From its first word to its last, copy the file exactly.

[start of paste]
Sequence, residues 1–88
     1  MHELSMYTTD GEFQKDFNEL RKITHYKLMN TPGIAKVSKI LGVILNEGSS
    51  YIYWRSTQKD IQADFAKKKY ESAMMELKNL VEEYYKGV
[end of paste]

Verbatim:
Sequence, residues 1–88
     1  MHELSMYTTD GEFQKDFNEL RKITHYKLMN TPGIAKVSKI LGVILNEGSS
    51  YIYWRSTQKD IQADFAKKKY ESAMMELKNL VEEYYKGV